Maternal and fetal single nucleotide polymorphisms in the epoxide hydrolase and gluthatione S-transferase P1 genes are not associated with pre-eclampsia in the Coloured population of the Western Cape, South Africa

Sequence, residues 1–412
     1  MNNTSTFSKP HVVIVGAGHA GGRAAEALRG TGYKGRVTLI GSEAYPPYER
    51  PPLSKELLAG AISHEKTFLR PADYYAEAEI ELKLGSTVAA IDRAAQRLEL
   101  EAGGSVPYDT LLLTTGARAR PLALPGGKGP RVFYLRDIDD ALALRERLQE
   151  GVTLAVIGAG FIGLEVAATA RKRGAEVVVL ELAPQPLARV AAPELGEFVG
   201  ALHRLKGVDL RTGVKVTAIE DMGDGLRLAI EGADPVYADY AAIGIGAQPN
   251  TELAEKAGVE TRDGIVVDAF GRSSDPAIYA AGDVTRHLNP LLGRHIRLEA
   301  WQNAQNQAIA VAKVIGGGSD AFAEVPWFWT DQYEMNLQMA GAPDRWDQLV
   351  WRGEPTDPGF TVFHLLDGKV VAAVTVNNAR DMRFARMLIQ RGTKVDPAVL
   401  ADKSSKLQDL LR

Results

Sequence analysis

Oxidative stress is thought to play an important role in the pathophysiology of pre-eclampsia. A defect in certain enzymes responsible for detoxification may cause prolonged exposure to reactive by-products and contribute to maternal endothelial as well as placental damage. Two polymorphisms affecting the function of the biotransformation enzymes epoxide hydrolase and glutathione S-transferase P1 were shown previously to be associated with pre-eclampsia in a Dutch population. The aim of this study was to determine if these two polymorphisms (maternal or fetal) contribute to pre-eclampsia in an anthropologically distinct population (the Western Cape region of South Africa) with a high incidence of the disease. Genomic DNA of mother-infant pairs with severe pre-eclampsia (n = 144), a population control group (n = 156) and control mother-infant pairs with uncomplicated pregnancy outcome (n = 45) were analysed for the EPHX and GSTP1 polymorphisms by polymerase chain reaction amplification and restriction enzyme digestion. Each polymorphism had a similar distribution in case and control subjects (mother and infant). The Val105/Val105 genotype of GSTP1 occurred at a higher frequency than reported for other populations. Neither maternal nor fetal EPHX Tyr113His and GSTP1 Ile105Val polymorphisms appear to contribute significantly to the pathophysiology of pre-eclampsia in the Coloured population of the Western Cape region of South Africa. © Taylor & Francis Limited, 2004.